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  1. #1
    SitePoint Guru Majglow's Avatar
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    XML parsing into a DOM + efficiency questions

    hey guys,

    Alright, what I would like to do is parse an XML file, and place it all into a tree structure (DOM I think it's called).

    Right, I know that there are PHP functions to do this, however they are experimental. Also, I bet not a lot of hosts support them. So, I would like to do it myself. However, there are will be 2 differnent kinds of tags, what I call 'structure' tags, and 'style' tags. Lemme give you an example

    Code:
    <article>
      <title>Title comes here</title>
      <page>
         <section>
           <title>Title</title>
           <body>Body comes here <b>bold text</b></body>
         </section>
         <section>
           <title>Title comes here</title>
           <body><p>Here is body 2</p><p>new paragraph</p></body>
         </section>
      </page>
      <page>
          <section>
             <title>Title 3</title>
             <body>This section is on a differnent page</body>
          </section>
      </page>
    </article>
    Right, I'm sure you get the general idea, so the only 'style' tags in there would be '<p>' and '<b>', the rest are structure tags.

    Now, what would be the difference? Well, when the XML document is parsed, the style tags would just be replaced with HTML in order to produce the right effect and would be included as text in the "DOM". Now, let me further the idea of the DOM (what I view it as at least)

    So, in the presented example, it would be something like:

    $dom->article->page[0]->section[0]->title->content = "Title"

    $dom->article->page[0]->section[0]->body->content = "Body comes here <b>bold text</b>"
    (Note, the '<b>...</b>' is simply html, not xml anymore).

    stuff like that..

    So... what would be the best way to do that? Using the XML functions PHP provides, I can't quite figure out how to convert some tags to html and others as parts of the DOM.

    Also, how efficient would this be? Would this be good enough to perform every time an article is loaded from a CMS? Or would there be a better way to do it?

    The reason I wanna do it this way, is so I can have an HTML template, and just have $dom->article->title->content wherever I wanna put the title, like that it's easy to make new templates, etc..

    Any thoughts?
    -cARL
    Ohai!

  2. #2
    SitePoint Columnist Skunk's Avatar
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    Apparently PHP's OOP is quite inefficient. For normal use of objects (for example a database abstraction layer) performance is not an issue, but the system you are suggesting could have potentially hundreds of objects nested within each other. I've not seen any benchmarks about this but it is something you should definitely bare in mind.

    There is already a PHP-only (i.e not relying on PHP's built in XML handling functions) solution for XML which you may want to have a look at:

    http://sourceforge.net/projects/phpxpath/

  3. #3
    SitePoint Guru Majglow's Avatar
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    Hmm...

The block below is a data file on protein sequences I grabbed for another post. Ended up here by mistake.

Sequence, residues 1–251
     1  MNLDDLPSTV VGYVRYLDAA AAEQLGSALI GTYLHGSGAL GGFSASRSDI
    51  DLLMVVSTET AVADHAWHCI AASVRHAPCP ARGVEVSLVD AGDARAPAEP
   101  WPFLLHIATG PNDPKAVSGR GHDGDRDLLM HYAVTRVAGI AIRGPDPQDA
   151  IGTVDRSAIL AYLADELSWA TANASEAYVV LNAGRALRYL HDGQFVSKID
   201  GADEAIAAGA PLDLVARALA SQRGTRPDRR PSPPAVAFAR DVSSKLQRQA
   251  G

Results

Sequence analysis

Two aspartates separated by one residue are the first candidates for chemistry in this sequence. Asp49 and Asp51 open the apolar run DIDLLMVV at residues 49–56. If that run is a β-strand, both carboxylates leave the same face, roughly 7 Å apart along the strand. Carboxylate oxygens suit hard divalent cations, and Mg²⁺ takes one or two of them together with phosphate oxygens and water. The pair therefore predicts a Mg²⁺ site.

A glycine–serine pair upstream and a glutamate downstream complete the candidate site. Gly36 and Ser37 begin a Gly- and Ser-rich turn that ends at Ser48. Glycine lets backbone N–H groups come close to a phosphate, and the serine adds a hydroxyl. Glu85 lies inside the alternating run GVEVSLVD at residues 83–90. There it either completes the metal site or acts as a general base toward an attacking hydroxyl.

I don't really like any of the already available stuff.

    Any ideas?

    -cARL
    Ohai!

  4. #4
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    Best solution is XSL/XSLT

    I am also considering how to best use xml in my site.
    After long time reading materials from the web, i think the best solution is XML+XSL+XSLT.
    For your example, i think you can write a xsl file, in which all style tags are not processed, say for body:

    <xsl:template match="/page">
    <html><head>
    <title><xsl:value-of select="title"/></title>
    </head>
    <body>
    <xsl:value-of select="body"/>
    </body>
    </xsl:template>

    and you can then use xslt extension of PHP to process it.
    For more info, please refer to php manual.
    after 4.10, the xslt in php is a generic solution other than sabletron in older versions, so the codes are different.
    xslt_process() page gives some good examples.

  5. #5
    SitePoint Guru Majglow's Avatar
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    Yeah, I looked at XSLT. It is a good system, only there are a few drawbacks. Those being that not many hosts support XSLT, there are a few, but not really enough. I want to make a script that is useable on a good majority of servers. Also, XSLT doesn't make it too easy to make a template that would be easy to make content spread on multiple pages. I mean, it wouldn't be easy for the average user, and I'm making a script that not the most tech savy user is going to be using.

    I decided to opt for the normal XML functions, and make my own parser and validator, that would only parse the xml when it is submitted to the CMS, then converted partially into html, and then stuck into the rest of the template when the page is loaded.

    What do you guys think of that solution?

    -cARL
    Ohai!

  6. #6
    SitePoint Zealot marcoBR's Avatar
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  7. #7
    SitePoint Enthusiast
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    XML, XSL & XSLT

    For tutorials check out...
    http://www.w3schools.com/xml/default.asp

    check out this thread for more on XML, XSL/XSLT
    http://www.sitepointforums.com/showt...8&goto=newpost

    rgds
    Sukesh
    thnX n Rgds
    Sukesh Ashok Kumar
    Brain Behind - http://www.V4Cnet.com
    Microsoft MVP in .NET


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